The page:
Jannie said

    Boy, do I have a plan! And I’m so excited.

  14. December 5th, 2008 at 5:18 am
    You can’t make money sitting on your ass said

    [...] of dedication to commit to a blogging schedule and stick to it.   It’s one thing to have a business vision – it’s another to follow through and make it a [...]

  15. December 5th, 2008 at 5:43 am
    Andrew said

    Liz,

    In my view, the steps you mention above sound like a common sense approach toward any new project, particularly those with a considerable degree of scope.

    Let me pick up on one point.

    You mentioned the importance of not confusing goals with dreams. In my view, dreams are two different concepts, both of which have value and both of which are essential for success in any area of life.

    Take your barn example. Your dream is what your vision of what will occur when the barn will be complete – people singing, dancing and having a good time.

    Dreams are the reason, the inspiration, behind any project of significant scope.

    Goals, in my view are a series of short, medium and long term measurable targets which must be reached if the dream is to be realized. Unlike dreams, which provide inspiration, goals provide specific road maps and focus points by which the project can be guided.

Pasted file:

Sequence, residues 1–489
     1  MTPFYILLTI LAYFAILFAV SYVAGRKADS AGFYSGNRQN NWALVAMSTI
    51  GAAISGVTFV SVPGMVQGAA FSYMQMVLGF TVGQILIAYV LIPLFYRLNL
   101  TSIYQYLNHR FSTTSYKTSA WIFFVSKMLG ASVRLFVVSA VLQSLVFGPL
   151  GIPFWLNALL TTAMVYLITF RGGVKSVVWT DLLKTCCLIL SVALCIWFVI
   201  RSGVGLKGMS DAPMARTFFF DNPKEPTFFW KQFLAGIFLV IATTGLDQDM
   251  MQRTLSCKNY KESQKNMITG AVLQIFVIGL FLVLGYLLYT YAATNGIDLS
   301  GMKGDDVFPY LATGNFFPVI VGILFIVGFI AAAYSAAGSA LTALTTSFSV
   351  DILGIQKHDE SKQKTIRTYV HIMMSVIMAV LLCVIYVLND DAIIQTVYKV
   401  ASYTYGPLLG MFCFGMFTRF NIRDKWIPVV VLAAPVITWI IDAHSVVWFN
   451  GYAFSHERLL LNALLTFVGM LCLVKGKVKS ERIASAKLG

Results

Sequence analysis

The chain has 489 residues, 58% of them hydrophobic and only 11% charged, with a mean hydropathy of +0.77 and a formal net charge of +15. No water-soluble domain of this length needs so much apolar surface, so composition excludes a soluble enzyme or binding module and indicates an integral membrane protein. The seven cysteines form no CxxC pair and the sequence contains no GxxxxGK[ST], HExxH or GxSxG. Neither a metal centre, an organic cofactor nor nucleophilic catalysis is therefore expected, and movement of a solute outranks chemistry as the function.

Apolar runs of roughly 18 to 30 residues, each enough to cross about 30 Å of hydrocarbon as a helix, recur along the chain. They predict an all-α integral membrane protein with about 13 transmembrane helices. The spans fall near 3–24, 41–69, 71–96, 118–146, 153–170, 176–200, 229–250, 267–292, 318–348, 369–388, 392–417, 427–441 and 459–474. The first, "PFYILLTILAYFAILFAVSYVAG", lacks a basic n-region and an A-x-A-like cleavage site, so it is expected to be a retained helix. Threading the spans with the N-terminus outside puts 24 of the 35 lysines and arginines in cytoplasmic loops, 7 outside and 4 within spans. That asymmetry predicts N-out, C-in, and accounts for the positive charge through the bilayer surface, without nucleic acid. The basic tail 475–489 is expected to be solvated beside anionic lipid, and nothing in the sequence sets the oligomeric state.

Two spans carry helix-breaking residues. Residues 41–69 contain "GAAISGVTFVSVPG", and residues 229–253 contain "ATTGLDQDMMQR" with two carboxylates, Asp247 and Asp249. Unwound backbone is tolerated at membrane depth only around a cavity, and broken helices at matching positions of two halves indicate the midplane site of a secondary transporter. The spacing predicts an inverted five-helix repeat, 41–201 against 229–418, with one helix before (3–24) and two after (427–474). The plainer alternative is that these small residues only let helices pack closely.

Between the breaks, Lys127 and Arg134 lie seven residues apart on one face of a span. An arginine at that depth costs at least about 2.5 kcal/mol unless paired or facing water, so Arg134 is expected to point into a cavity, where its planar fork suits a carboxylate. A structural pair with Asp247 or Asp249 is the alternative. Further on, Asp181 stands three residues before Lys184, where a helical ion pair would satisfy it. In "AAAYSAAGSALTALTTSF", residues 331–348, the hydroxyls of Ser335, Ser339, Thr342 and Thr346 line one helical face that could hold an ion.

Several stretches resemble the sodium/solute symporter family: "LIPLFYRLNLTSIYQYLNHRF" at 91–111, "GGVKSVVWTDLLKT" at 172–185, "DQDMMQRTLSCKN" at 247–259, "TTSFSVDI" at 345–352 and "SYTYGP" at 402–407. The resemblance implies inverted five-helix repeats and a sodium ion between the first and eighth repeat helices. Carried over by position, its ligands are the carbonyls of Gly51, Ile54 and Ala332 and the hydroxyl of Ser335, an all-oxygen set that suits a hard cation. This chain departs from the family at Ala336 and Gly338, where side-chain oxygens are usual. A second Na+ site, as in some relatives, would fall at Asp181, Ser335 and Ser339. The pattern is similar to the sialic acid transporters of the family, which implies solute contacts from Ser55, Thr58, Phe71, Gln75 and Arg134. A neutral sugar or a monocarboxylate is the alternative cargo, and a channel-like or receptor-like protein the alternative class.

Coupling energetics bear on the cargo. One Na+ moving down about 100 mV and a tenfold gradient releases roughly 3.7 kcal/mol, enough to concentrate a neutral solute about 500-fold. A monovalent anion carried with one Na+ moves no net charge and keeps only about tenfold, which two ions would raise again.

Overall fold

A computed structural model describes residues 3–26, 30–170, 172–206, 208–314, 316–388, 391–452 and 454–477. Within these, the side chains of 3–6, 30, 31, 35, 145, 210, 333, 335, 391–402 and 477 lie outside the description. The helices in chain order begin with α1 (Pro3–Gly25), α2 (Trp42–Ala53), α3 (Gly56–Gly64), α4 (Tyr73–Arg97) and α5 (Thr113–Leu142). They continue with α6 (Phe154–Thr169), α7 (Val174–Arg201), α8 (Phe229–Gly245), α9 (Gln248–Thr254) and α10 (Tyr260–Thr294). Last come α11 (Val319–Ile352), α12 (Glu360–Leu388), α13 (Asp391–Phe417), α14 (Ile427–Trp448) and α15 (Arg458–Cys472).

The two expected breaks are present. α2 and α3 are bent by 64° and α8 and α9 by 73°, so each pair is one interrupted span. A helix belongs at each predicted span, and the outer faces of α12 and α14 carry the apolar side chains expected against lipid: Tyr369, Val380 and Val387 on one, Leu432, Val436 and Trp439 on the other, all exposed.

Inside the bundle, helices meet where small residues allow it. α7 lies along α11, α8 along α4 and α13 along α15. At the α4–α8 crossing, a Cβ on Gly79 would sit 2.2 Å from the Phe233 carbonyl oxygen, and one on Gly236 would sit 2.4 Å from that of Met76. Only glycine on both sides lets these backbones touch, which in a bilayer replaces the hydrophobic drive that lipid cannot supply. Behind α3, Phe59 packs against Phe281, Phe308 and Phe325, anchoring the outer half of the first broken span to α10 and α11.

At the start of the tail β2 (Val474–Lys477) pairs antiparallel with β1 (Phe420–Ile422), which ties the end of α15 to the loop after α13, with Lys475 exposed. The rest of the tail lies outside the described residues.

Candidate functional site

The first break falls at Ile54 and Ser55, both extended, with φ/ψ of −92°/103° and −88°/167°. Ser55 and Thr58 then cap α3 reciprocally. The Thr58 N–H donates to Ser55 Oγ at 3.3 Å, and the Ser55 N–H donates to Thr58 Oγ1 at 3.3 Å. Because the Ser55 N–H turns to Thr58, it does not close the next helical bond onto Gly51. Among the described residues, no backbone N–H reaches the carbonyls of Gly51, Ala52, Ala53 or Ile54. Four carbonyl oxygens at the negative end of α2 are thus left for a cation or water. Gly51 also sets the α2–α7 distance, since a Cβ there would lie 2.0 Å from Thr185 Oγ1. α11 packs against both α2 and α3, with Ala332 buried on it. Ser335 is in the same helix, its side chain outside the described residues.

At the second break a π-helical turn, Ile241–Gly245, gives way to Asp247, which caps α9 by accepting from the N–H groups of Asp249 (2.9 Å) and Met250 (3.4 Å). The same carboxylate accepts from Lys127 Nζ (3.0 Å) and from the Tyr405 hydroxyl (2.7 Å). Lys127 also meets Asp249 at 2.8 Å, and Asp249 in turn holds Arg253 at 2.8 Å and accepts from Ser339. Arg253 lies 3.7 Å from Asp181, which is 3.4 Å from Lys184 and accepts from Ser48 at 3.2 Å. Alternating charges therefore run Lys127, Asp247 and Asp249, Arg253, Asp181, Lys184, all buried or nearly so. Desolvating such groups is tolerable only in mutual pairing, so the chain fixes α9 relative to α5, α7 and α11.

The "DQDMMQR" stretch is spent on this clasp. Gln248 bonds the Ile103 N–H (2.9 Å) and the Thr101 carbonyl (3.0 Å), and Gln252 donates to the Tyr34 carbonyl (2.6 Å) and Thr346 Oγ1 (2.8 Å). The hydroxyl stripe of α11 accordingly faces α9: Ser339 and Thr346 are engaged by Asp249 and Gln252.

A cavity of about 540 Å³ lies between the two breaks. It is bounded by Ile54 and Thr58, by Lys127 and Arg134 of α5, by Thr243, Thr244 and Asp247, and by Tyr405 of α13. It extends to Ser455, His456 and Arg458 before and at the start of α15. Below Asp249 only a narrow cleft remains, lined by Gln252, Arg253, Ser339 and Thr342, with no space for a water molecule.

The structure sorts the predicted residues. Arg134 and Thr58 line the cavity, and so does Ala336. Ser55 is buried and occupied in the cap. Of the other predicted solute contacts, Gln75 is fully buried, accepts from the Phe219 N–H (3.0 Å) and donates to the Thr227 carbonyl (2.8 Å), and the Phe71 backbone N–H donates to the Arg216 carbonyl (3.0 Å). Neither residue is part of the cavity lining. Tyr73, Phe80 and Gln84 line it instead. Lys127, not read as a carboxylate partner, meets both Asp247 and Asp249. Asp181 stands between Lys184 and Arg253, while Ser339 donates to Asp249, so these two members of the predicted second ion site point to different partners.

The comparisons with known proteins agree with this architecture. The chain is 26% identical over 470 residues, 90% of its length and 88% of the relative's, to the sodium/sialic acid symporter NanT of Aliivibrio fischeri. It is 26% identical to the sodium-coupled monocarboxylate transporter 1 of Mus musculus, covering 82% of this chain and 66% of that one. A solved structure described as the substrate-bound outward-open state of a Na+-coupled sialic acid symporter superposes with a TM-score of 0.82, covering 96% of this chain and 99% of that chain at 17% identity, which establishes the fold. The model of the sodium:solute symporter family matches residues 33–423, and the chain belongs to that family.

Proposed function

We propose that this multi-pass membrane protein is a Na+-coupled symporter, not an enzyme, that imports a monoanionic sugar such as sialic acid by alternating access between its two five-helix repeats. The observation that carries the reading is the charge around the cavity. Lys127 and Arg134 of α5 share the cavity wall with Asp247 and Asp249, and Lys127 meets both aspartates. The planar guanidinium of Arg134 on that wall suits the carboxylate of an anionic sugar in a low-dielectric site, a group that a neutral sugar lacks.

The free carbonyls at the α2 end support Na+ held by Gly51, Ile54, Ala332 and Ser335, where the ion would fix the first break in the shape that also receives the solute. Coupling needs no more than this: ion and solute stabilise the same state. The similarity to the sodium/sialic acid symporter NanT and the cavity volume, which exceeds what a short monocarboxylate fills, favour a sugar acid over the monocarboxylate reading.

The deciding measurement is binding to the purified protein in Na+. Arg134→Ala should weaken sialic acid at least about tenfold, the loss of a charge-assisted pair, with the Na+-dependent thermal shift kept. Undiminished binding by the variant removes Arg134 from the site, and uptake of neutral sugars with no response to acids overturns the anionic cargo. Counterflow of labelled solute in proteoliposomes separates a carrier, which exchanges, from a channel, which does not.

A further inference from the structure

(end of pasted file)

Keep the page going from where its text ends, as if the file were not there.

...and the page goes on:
16. December 5th, 2008 at 8:30 am
    John said

    Liz,

    Thanks for the kudos. I wish I could frame my SOB Award… do you have a hi-res image?

    Collaboration for social good has been leveraged exponentially with social media. I am slowly but surely building relationships with like-minded folks. I envision a project naturally blossoming from those relationships.

    John

  17. December 6th, 2008 at 9:17 pm
    ME Liz Strauss said

    Hi Andrew!
    I have lots of room for just the kind of dreams you describe and the way you describe them suits me too. The inspiration of a dream needs to be grounded in goals for the dream to take hold and grow. Thank you for saying it far better than I ever could. :)

  18. December 6th, 2008 at 9:24 pm
    ME Liz Strauss said

    John,
    I’ll send you the highest res file I have. The original from the designer. I’m not sure it will do the trick.

    I think you’re making relationships a lot faster and having a huger impact than you might realize. :)

  19. December 6th, 2008 at 9:54 pm
    John Haydon said

    Thanks, Liz.

    I can see your eyebrows, but you can’t see mine…

    John

  20. March 18th, 2009 at 9:45 am
    » Blog Archive » Family Pride Workshop said

    [...] most successful businesses have solid leadership who work toward a shared vision. When businesses have partners they work toward a shared VISION.  I repeat a shared VISION. The [...]